Expedition Idaho Adventure Race

7-days of continuous physical and mental challenge, almost no sleep, bad food, questionable water. Who invented this sport? 🙂

To stagger the start of Expedition Idaho, Race Director Dave Adlard, set a unique prologue.

Teams had to climb the toughest waterslide, starting over if anyone slipped.

If successful, they then took a victory laprunning the Lazy River. Backwards. 🙂

This is even tougher than it looks.

Click PLAY or watch it on YouTube.

Good luck.

Race me to the Pole

Here’s a twist to the charity Adventure theme:

In April 2013, Gavin Bate will be trekking 550km from Resolute Bay in Canada to the Magnetic North Pole.

You can race him to the pole by donating to the charity Moving Mountains Trust.

Every £1 you donate equates to 25 metres of progress by Team MM! The target is £22,000. The aim is to beat Gavin to the Pole!


Gavin’s the real deal.

He’s already climbed the Seven Summits. And is planning for the ‘Explorers Grand Slam’.

The 7 — and both Poles. 🙂

details on the official website – racemetothepole.com

Thanks Hannah.

Gear Junkies in Patagonia

What is it like to be truly remote and pushed to your physical and emotional limits in the wilderness?

This video, culled from clips taken by our race team on the go in remote Chile during the 2012 Patagonian Expedition Race, gives a solid glimpse into that question. …

read more – Gear Junkie

Click PLAY or watch it on YouTube.

… the team managed a third-place finish

… . . Coming into CP17, we were four hours behind the Japanese team, and we decided to gamble on a straight-line bushwhack through a valley in the night with only two hours of tent-less sleep. In the predawn light, just before the glacier pass at CP18, we came upon the Japanese. They were clearly surprised [they had been ahead for a while] and yet they greeted us warmly, forming a line with each one of them shaking each one of our hands, smiling, and saying “Good to see you.” It was surreal. They then shared a look and bolted. [Note: Team Eastwind, from Japan, ended up beating Team GearJunkie/YogaSlackers by about 30 minutes in the 10-day race.] …

High Insanity: Patagonian Exped Race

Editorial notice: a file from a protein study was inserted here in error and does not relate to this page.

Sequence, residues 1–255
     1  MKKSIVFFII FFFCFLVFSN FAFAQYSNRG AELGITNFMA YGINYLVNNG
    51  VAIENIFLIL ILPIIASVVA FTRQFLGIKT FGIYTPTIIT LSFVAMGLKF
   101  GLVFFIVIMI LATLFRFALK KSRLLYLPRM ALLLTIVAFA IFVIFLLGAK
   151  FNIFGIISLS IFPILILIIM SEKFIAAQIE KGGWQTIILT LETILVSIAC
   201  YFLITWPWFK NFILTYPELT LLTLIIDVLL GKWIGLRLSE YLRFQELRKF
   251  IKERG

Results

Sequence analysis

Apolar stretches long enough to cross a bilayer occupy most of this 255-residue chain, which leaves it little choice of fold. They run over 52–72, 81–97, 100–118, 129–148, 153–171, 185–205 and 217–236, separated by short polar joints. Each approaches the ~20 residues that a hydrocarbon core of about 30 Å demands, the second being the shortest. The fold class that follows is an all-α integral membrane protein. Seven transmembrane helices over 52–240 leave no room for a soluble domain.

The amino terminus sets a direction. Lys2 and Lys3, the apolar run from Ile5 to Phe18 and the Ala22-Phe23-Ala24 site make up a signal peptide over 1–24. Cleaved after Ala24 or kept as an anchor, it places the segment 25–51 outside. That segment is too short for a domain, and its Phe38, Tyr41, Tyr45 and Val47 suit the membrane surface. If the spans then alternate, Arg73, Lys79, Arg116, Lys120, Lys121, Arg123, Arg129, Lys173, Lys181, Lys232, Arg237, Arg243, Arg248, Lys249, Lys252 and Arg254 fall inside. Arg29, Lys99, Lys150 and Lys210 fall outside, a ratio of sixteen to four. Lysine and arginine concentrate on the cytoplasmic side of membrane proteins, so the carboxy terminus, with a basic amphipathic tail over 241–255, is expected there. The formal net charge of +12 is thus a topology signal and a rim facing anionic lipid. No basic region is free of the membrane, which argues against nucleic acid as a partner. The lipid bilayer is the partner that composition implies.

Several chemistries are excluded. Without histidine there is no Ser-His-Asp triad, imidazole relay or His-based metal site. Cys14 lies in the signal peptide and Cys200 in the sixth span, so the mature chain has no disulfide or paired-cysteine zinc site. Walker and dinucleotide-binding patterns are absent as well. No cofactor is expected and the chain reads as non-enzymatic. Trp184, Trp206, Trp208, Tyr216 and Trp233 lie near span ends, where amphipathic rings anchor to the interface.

(via The Adventure Blog)

Waterton Triple Crown 56.2km, 16.5hr

Jill sent me a link to a site I did not know, the Experience Waterton! blog. (I’m now subscribed.)

As I’m thinking of heading down to Waterton this weekend, I was super excited to read this amazing trip report:

… On August 22nd, Shawn Elford and 2 of his friends completed the impressive and noteworthy task of hiking the entirety of the Triple Crown in one whole day! Starting at Crypt Lake, moving on to Akamina Ridge and finishing at Alderson-Carthew

Note the link to the Triple Crown in the right hand navigation. They are a sponsor of the Best Hike blog.

6am – Crypt:

Akamina Ridge:

6pm – starting Carthew-Alderson:

Completing Triple Crown in Under 24 Hours Straight!

They recommend climbing up to the ridge from Forum Lake, descending via Bennett Pass.

Expedition Idaho Race wrap-up

by site editor Rick McCharles

Race Director Dave Adlard impressed one and all with his passion and tireless effort to make the inaugural ExpID a success.

Check out his wrap-up post for results and highlights – Expedition Idaho: The FINAL Update!.

The top teams transported themselves over 500mi of rugged north Idaho and Montana. Here’s a vastly simplified map of the route.

Mostly on foot, mountain bike and paddle, Dave added dozens of other challenges. Personally I liked “build a raft” and “light a fire” (without matches).

It’s hard on the body. My friends took significant damage moving constantly for 6 days.

Andy Tucker
Jeni McNeal

… but talk about a life altering experience. Expedition Adventure Racing makes Ironman look trivial.

Winners Thule from Europe just might be the team to beat at Worlds in Tasmania.

I was responsible for the race blog and social media:

» Team Photos | Photos | Videos | Twitter

Though I’m personally not a fan of Twitter, it was our best mode of communication during this race. Multiple people logged in to our account to update from the mountains by mobile phone.

The SPOT devices were almost more trouble than they were worth, working semi-reasonably perhaps 30% of the time. Multiple points of failure: human error, SPOT failure, battery failure, weather interference. The satellite network is unreliable too, it seems.

The one time we really needed SPOT to work, it didn’t. The team needed to climb to elevation to use a mobile phone to call 911 for air evacuation after a bike fall.

My $9.50 Trakfone was far more reliable in the wild than SPOT.

Here’s my favourite photo from the week, nighttime navigation – Team Bones.